> good deal if Android would move sh and not also move env to some other
> directory than /usr/bin. If you're going to break compatibility that
> much, it's unlikely you're going to keep compatibility for env. But,
> well, I've been surprised before....
I agree, with the added comment that it's probably not wise to
consider Android to be a flavor of Unix. It actively prevents you from
using your hardware for general purpose computing and has a set of
very restrictive design goals.
It is my personal opinion that you should give up on whatever it is
you are trying to do, Mr. Akhlagi, and try to use a normal Linux
distribution instead of Android and set up a cross compiler for your
system. Even then you will run into problems as autoconf and its tests
were not necessarily designed to support cross compilation.
This leaves you in the position where you are doing what you are now,
trying to compile things on device, which can take multiple days for
large software packages. If you are interested in the ARM architecture
I suggest finding a low cost server. I can reply with an example
(perhaps the only example) if you want, otherwise I'd just as well
leave the link off of the list.
If you want to continue as you are I suggest you will get more out of
researching the changes Android made to Linux than you will out of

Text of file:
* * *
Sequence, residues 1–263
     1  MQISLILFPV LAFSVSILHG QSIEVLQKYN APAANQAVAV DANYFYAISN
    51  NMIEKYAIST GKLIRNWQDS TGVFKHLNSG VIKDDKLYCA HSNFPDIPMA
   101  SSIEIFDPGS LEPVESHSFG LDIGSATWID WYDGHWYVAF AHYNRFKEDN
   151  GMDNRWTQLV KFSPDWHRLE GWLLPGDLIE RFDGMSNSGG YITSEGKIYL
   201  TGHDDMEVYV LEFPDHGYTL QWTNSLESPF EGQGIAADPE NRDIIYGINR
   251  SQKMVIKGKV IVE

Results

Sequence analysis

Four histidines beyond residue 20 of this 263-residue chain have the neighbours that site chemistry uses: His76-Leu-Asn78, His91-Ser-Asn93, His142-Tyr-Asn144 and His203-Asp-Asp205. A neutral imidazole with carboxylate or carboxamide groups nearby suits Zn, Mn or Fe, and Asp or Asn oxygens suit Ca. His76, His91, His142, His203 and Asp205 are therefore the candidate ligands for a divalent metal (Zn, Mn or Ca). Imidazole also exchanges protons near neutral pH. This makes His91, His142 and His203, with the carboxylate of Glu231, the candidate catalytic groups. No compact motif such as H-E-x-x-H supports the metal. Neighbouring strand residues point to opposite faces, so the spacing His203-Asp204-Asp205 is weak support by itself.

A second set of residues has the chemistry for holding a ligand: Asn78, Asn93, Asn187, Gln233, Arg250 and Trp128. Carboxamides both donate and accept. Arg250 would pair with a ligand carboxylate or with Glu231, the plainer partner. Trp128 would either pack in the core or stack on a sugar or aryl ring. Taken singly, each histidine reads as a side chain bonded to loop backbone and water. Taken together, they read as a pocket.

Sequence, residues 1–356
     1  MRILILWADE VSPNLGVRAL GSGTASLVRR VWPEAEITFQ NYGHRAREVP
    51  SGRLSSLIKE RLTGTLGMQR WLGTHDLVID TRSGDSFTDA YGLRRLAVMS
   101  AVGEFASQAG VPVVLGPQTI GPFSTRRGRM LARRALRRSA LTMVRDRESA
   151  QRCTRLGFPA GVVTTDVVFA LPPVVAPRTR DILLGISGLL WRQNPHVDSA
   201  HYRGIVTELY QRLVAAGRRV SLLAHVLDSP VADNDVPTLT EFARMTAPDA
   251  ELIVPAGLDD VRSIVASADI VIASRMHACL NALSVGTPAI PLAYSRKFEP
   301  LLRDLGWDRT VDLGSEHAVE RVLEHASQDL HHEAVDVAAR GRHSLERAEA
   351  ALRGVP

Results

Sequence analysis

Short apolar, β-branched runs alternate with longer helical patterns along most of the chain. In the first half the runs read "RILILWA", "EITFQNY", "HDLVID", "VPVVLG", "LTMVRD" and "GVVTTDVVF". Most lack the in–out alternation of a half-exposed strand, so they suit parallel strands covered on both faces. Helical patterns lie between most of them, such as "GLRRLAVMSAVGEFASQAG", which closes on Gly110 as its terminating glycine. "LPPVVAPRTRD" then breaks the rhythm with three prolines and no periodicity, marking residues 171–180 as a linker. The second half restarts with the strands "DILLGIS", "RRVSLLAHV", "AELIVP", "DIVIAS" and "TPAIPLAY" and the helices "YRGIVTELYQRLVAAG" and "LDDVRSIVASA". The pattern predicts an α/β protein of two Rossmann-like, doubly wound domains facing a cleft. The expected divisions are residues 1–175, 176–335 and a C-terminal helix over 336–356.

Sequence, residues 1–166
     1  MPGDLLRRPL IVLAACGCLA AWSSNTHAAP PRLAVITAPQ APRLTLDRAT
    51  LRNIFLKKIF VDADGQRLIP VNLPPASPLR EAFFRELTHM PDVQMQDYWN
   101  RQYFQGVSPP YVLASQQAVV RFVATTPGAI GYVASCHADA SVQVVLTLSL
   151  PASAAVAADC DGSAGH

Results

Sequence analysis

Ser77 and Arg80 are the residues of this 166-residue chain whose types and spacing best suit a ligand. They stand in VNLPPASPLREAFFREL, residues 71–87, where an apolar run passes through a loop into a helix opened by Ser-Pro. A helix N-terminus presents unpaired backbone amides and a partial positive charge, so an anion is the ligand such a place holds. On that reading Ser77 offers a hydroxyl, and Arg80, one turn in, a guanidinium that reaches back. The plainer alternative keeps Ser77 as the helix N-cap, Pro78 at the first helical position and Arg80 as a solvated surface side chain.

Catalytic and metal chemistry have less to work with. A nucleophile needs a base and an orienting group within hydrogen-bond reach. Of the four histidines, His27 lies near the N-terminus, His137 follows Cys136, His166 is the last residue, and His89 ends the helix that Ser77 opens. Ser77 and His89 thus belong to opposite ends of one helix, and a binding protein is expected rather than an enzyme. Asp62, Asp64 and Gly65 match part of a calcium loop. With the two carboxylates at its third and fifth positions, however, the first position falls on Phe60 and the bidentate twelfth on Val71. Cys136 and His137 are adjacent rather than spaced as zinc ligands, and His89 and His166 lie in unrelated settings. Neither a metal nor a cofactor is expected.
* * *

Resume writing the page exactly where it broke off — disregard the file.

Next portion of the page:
following up with each project you experience issues with. The Android
system architecture description has a list of changes in it and what
they break, which is essentially everything.
Thank you very much everyone for the great comments.
I can confirm that on this Android phone there is no `/usr' directory
either (it also doesn't have any `/bin' directory)! So a `#!/usr/bin/env
sh' first line would have a similar fate.
I do all my serious work with my GNU/Linux systems on my desktop and
laptop computers. But I have always been bothered by the fact that we
have such physically-portable and powerful devices (smartphones) with us
every where, but I can't use it as a simple command-line tool (with my
own programs as I do on my GNU/Linux system). It is a real shame!
In short, this is more like a hobby for me to have my most commonly used
command-line programs running natively on my phone to use in occasions
when I don't have my (physically) larger GNU/Linux systems nearby.
So I searched for a terminal emulator app for my smartphone and found
Termux (https://termux.com/). It uses the apt (Debian) package manager
to download and install pre-compiled most necessary low-level
command-line programs like a compiler and Make and etc (installed in
`/data/datacom.termux/files/usr'). However, I couldn't get the configure
script for my programs running until yesterday that I randomly started
playing with it again and found the cause and reported it to you.
I understand why Shebangs (
https://en.wikipedia.org/wiki/Shebang_%28Unix%29 ) would be necessary
for non-shell interpretters (like a Python script having a `#!
/bin/python' as its first line). But we are already running the
configure script within the shell and don't pass any other options with
the `#! /bin/sh' shebang.
So just out of curiosity, what is the necessity of `#! /bin/sh' in a
configure script? I am sure there must be things I am not aware of, but
I am curious to know.
Maybe I can use a simple script to remove such shebangs from all the
files in the tar-ball of a program before configuring and building it on